There is a flag fold technique for the first triangle fold called, Cutting the First Stripe. It’s used for an interment flag that has been used for practice and has been folded and refolded so much that it is a bit stretched out, but still good for practice. This technique “cuts” the stripe in half on that first fold, pictured at left. It has nothing to do with taking a knife or scissors to the flag. For more on inappropriately cutting the American flag, click here.
A tattered or faded American Flag is ready for retirement. Retiring an American flag means to burn it. Some people feel that burning a flag, no matter the situation, is still disrespectful. In the flag retirement situation, nothing could be further from the truth.
Burning and Burning
There is a big difference! Americans, who love their country and flag, do not treat that flag with disrespect. We do not just throw it away in the garbage when it is no longer fit for everyday display. There are exceptions to this with historic tattered flags on display across the country. When the flag is no longer suitable for daily display, we take the flag, fold it into a rectangle, and burn it. Some Americans feel the need to burn our country’s flag because they are unable to form a cogent, coherent argument and need to stand on a corner in front of others and push their disrespectful agenda in the face of others by flying a burning American flag.
Side note: I support freedom of speech and some view burning our flag as just that. I will defend the right of people who want to act irresponsibly and burn our flag. I do not like the action and do not support the attempt to get ones point across in this manner, but I do not have to watch and I can treat flags in my charge with respect and care as I hope you will. The difference? Respect (for the flag and others) has everything to do with it.
Flag Retirement the Wrong Way
If you cut the stars from the stripes, it’s no longer the American flag and you can then feel better about burning it. I guess that is the illogical reasoning behind this act of initial disrespect to the flag to avoid disrespect to the flag. It doesn’t make sense to cut up the American flag unless it is too big to burn safely. Then, cut it into four pieces. But the Scouts cutting up smaller flags, shown here, is here are wholly unnecessary.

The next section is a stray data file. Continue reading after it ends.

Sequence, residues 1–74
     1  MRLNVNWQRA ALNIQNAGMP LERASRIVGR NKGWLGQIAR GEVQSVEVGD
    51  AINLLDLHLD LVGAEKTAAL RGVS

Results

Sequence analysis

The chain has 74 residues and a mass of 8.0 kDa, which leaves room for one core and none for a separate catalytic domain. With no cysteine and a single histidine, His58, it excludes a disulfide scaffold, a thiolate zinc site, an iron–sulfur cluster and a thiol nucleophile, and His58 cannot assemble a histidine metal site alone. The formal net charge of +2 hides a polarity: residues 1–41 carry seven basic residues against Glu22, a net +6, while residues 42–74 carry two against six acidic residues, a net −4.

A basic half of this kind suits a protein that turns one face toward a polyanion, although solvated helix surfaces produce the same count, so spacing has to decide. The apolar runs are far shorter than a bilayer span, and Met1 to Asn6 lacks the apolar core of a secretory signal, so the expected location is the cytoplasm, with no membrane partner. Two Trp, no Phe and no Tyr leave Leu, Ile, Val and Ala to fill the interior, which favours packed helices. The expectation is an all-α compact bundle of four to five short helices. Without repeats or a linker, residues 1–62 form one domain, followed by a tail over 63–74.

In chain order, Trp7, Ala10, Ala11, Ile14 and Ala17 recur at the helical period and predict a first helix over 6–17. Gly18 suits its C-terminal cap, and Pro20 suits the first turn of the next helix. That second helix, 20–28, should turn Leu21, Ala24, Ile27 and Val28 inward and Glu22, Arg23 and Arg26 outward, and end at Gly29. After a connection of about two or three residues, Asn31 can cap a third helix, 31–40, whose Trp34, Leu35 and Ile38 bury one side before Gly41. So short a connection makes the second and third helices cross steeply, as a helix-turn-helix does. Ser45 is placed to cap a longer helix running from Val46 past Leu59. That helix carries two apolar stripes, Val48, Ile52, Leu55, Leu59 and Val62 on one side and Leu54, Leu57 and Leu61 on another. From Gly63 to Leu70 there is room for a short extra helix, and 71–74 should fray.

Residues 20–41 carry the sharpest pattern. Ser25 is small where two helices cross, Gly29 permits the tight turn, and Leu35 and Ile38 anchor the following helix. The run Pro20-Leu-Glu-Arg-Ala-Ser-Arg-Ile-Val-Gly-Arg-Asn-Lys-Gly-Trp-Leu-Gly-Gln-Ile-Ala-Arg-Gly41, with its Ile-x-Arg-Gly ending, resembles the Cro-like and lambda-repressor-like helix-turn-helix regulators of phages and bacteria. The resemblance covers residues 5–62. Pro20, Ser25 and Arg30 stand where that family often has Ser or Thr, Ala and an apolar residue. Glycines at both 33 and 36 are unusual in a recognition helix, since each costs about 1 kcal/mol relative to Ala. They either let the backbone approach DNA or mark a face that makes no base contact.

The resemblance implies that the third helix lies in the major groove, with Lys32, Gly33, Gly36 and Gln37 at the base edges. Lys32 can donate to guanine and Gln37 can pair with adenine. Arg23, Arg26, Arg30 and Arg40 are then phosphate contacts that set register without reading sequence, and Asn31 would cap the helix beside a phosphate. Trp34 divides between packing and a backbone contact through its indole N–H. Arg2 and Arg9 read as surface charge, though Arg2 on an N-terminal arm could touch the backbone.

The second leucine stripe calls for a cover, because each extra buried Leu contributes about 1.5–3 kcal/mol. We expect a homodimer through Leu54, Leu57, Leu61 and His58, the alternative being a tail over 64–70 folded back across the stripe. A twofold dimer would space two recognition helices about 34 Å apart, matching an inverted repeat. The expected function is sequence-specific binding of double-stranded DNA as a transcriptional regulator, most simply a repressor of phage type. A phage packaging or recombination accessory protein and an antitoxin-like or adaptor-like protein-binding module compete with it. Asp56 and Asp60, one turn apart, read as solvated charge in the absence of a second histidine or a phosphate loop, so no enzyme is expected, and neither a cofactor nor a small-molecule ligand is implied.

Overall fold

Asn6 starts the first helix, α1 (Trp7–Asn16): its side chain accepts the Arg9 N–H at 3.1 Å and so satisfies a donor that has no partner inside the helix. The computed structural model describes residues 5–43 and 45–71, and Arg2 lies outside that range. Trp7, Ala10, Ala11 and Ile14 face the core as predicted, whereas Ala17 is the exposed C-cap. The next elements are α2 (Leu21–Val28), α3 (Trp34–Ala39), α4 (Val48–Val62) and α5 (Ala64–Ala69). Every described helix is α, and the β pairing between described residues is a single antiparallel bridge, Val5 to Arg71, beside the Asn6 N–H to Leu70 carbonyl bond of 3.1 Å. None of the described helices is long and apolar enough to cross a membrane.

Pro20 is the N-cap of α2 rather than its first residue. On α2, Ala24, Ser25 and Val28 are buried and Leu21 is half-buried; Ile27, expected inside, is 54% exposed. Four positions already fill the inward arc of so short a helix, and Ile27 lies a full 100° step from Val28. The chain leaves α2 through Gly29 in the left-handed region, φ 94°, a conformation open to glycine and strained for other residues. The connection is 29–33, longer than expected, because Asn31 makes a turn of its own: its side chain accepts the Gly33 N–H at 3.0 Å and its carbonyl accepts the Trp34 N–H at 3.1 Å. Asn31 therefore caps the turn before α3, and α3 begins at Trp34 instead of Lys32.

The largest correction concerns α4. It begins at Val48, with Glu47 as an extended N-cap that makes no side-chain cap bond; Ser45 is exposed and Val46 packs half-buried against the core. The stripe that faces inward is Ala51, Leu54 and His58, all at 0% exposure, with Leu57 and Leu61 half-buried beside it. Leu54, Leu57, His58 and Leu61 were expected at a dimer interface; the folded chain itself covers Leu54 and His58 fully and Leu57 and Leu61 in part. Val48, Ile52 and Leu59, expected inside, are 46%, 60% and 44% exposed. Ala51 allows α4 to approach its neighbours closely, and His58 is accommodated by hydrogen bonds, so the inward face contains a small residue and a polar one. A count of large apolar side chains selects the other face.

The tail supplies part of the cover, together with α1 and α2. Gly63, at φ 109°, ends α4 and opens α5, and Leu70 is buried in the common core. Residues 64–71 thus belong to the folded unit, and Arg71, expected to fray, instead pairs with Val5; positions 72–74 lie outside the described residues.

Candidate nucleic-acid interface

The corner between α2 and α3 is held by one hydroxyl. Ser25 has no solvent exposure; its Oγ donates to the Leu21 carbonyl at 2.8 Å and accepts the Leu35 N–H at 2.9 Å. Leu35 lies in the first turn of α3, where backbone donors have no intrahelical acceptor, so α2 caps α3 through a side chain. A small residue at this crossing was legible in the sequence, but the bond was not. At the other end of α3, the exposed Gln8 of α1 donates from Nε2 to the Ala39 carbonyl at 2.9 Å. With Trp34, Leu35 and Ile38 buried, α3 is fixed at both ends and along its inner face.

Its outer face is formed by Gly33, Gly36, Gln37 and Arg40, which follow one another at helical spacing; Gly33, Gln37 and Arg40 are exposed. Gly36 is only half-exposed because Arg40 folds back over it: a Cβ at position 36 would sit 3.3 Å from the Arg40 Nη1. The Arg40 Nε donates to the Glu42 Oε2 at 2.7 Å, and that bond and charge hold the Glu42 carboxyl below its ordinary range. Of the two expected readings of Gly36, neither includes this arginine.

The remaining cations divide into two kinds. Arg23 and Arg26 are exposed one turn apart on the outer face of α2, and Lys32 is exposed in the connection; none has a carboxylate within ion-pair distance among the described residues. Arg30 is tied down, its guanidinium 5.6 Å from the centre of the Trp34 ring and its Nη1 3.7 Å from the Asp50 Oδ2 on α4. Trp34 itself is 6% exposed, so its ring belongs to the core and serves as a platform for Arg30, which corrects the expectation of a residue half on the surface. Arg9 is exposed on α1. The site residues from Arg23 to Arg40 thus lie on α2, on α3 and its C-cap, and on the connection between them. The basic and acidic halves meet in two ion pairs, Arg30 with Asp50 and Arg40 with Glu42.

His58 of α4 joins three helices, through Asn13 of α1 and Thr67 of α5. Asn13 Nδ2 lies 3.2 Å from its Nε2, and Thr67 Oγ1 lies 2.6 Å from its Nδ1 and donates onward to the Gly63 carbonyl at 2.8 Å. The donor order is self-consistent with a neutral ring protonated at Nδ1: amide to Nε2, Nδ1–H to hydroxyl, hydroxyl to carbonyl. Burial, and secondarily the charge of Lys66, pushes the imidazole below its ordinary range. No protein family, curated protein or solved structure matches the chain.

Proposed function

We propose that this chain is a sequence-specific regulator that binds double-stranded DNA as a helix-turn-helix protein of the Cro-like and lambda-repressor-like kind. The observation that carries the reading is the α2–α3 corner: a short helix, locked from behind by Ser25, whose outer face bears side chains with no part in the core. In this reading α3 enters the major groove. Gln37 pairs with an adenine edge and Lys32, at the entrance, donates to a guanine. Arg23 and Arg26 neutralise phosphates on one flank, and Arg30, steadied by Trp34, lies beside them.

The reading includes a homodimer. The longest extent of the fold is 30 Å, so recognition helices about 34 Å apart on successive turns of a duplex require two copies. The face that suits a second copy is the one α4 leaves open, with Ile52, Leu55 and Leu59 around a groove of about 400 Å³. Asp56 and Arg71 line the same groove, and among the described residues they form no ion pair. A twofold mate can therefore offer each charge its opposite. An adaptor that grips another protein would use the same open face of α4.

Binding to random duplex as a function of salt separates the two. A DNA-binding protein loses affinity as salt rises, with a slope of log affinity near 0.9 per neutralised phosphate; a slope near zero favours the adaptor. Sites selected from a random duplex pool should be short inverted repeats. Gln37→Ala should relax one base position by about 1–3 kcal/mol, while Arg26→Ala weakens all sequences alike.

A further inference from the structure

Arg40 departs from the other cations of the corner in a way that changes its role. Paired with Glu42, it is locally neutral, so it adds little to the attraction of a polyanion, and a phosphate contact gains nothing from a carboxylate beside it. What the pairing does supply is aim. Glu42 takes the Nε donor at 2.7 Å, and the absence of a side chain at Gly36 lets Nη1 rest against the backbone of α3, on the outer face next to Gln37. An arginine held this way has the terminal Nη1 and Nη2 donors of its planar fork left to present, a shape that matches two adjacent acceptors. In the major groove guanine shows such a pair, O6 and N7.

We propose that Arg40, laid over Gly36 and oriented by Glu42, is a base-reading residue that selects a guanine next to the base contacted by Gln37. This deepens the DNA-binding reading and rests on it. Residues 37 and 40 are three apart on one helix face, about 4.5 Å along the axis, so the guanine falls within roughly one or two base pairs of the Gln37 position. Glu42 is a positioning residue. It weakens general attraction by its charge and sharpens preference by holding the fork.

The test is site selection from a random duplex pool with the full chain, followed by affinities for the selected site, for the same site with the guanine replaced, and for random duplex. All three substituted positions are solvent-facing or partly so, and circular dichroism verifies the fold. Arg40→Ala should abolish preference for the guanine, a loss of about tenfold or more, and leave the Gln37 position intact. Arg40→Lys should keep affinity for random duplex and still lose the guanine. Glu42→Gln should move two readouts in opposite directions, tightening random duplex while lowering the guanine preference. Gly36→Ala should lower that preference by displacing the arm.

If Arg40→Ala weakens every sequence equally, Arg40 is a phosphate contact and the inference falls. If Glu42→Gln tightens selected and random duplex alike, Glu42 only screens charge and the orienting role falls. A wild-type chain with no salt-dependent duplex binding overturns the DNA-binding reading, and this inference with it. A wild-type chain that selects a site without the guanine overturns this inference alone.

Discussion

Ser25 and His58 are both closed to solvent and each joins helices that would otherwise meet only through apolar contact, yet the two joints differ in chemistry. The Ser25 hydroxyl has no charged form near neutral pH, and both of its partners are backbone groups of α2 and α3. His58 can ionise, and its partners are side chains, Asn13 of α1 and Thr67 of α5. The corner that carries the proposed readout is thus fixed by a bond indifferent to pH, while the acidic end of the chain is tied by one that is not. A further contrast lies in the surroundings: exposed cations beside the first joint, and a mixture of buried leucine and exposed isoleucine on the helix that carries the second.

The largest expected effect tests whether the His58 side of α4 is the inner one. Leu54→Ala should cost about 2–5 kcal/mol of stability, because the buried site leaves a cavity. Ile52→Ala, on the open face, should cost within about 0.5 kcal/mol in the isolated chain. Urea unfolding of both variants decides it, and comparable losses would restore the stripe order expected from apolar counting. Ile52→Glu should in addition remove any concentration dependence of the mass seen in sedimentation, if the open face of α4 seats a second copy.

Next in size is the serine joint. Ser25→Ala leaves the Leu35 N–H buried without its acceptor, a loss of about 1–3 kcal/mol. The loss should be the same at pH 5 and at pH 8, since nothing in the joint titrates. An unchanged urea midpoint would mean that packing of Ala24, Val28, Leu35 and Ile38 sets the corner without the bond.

Boy and Girl Scouts and many veteran organizations across the country are practicing this disrespect to our flag. I do not know when or where it started, but it needs to stop right now! We need to educate cadets and Scouts as well as our well-meaning veterans. Recently, I read a reply to my comment on a social media account that stated ‘since a flag company says on their website that it is OK, we are going to cut our flags. The flag company does not make the rules. Congress does and that would be the Flag Code.
Cutting the flag up does not mean shredding it. Shredding it is accomplished by a machine that is called… a shredder. Synthetic flags should be shredded rather than burned since burning those materials can give off noxious fumes.
Let’s find out how we can appropriately honor our national symbol.
Flag Retirement, the Correct Way
When to actually cut the flag: The only time to cut the flag and then burn it is when it is too large to safely burn as a whole. Safety is paramount.
Dangerous plastic fumes. For a flag that is made of nylon or another type of man-made material, it probably should not be burned. Shredding is more appropriate in this case. I was provided excellent information by a reader who stated that his organization, along with many others around the country, incinerate these flags. Incinerating is not “burning”, it’s burning with much higher heat to completely destroy materials and incinerators usually have filters to capture gases and materials in the flue.
At home, make a fire on your grill. Fold your flag into a rectangle (no, it does not represent a casket) and place it on the fire. A flag folded into a triangle is much more difficult to burn due to all of the folded layers.
In a private ceremony, place the representative flag, folded in a triangle on a very hot fire and recite the Pledge of Allegiance. Burn the rest of the flags eligible for retirement in an incinerator or a very hot, roaring fire, preferably not in public. I understand the public ceremony, I just don’t appreciate it and actually, neither does the US Army.
1-7 RestrictionsAR 840-10 (15 June 2017)
(4) h. Unserviceable flags. Unserviceable flags will not be used for banners or any other purpose. When a flag is no longer suitable for display, it will not be cast aside or used in any way that may be viewed as disrespectful. If not preserved as specified in chapters 2, 5, 6, and 10, it will be destroyed privately (emphasis mine), preferably by burning, shredding, or by some other method that does not show irreverence or disrespect to the flag.
As you can see, no one has ever advocated cutting the canton (blue field) from the stripes, except for the Boy Scouts. It is inappropriate to do so unless the flag is to large to safely burn and it does not matter what some flag-based website has to say as far as a recommendation. Not even this one. I am providing links to professional guidance set forth by groups with the intention of providing the utmost respect.
Associated article: Disrespect to the American Flag